Performance art has always been a bit of a problem. Not only because the work of practitioners such as Hermann Nitsch, Franko B, Carolee Schneemann and Marina Abromović has often tended towards the violent, messy and anarchic – the live body offering up a smorgasbord of possibilities for taking art to its bloody, slimy extremes – but also because it is innately temporary. And, as an artform of impermanence, live art is resistant to collection and monetization. Which, for institutions, makes it a problem.
The Performance Problem
Naked bodies lie blindfolded on tables. Nearby, knives, sponges, slaughtered animals, eggs and entrails are also heaped in absurd buffet displays. People crowd close and touch the offerings — first softly, warily, then with increased boldness. A man pours blood over a slab of meat from shoulder height and it splatters and pools over the crisp white tablecloth like paint on a canvas, or like murder. A man walks a runway naked, covered in white paint and bleeding from two cannulas inserted in each arm’s elbow crease. Blood spatters, pools. A woman pulls a scroll of paper from her vagina. Another woman stands impassive, as a man works her finger around the trigger of a loaded gun, held to her head.
It sounds like a philosophical thought experiment. If a happening occurs and no one captures it, is it art? What if no one is told it is a performance, or if no one sees it? What if it is never, and can never be sold?
"a smorgasbord of possibilities for taking art to its bloody, slimy extremes"
Of course, to some extent these questions are immaterial, defunct. How could I namecheck the artists above, or describe a handful of their live actions, if writers, photographers, curators and spectators hadn’t always found ways to immortalise the performances, transforming them from temporary happenings to fixed art historical incidents? Indeed, it feels outdated to even pose performance art as a problem, when so many of its major players are now icons, household names, celebrities. Marina Abromović has collaborated with Lady Gaga for god’s sake. Yet, this hasn’t always been the case. Far from it. If it now feels outdated to think of performance art as a uniquely problematic art form — to think of its practitioners as underground, outsider artists rather than contemporary art’s central protagonists — that is largely due to a shift in institutional engagement, in attention.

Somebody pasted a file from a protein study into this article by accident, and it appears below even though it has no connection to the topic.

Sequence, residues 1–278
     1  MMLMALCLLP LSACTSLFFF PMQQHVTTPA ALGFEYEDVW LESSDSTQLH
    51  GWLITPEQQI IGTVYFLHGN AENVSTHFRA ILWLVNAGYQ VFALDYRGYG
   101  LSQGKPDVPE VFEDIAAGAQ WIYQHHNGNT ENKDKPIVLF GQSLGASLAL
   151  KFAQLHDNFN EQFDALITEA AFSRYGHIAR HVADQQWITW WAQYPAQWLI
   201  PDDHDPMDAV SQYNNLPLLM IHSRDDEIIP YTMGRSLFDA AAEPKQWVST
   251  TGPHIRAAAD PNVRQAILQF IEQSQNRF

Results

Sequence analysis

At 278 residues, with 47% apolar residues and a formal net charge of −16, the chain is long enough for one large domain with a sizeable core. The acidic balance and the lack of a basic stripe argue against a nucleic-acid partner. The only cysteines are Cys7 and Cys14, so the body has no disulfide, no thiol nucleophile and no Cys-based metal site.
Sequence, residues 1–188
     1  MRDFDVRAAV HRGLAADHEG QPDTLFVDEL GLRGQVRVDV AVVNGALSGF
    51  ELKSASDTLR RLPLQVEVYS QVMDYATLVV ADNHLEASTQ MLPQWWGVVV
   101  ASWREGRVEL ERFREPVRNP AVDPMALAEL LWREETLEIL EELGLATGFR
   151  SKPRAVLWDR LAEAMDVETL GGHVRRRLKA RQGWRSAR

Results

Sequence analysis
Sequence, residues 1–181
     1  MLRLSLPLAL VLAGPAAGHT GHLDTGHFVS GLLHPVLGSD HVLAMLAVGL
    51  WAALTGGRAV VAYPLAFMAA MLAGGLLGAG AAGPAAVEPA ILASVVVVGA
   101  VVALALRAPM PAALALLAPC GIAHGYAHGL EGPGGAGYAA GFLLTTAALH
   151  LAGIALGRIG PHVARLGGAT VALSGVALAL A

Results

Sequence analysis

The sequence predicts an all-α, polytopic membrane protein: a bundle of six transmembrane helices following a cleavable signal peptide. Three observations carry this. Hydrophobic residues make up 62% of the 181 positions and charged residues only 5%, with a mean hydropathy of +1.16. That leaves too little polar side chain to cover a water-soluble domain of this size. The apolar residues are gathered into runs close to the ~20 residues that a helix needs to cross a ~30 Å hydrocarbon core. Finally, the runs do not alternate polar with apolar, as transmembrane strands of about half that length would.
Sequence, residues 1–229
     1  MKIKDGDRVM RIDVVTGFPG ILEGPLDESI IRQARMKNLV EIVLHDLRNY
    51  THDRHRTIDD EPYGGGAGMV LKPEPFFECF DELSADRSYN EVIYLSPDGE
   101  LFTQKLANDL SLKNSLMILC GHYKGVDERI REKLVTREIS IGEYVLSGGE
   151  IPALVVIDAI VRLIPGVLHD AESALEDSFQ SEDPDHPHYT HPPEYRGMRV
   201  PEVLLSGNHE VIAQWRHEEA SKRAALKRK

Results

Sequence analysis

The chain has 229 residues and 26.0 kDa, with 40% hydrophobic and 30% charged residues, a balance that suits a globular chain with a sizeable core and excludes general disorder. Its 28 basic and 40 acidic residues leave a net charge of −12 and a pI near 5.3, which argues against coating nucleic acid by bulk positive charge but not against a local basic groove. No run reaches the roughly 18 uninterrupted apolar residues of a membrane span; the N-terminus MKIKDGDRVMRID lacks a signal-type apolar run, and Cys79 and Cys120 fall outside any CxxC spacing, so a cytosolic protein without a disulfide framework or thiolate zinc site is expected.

A new free display in Whitechapel Gallery attempts to grapple with this change of attitude and perspective, ‘highlighting key moments that raised this cultural practice from underground and marginalised to an acknowledged art form.’ The space it is held in is small, and so is its focus: it lasers in on London in the two decades either side of the millennium, and looks at just a handful of institutions. Out of the Margins maps the live scene through various initiatives and interventions staged by Gasworks, Matt’s Gallery, The Roberts Institute of Art, the Live Art Development Agency (LADA), the Institute of Contemporary Arts (ICA), and Whitechapel Gallery itself. It is largely thanks to these institutions, the display suggests, that performance art assumed its place in the public realm — a move from the margins to the centre, which culminated in the 2012 opening of a permanent space for live art, performances, film and video work in a major UK gallery: The Tanks at Tate Modern.
One initiative in particular is the star of the show: the milestone series A Short History of Performance (I, II, III, IV) which was held at Whitechapel Gallery between 2002 and 2006. The series found a solution to ‘the performance problem’ that was at once clever and straightforward. Simply re-stage performances. ‘Part One’ was presented over six days, in April 2002, and (re)presented live works by Carole Schneemann, Stuart Brisley, Bernsteins, the Kipper Kids, Hermann Nitsch, Bruce McLean, and Jannis Kounellis.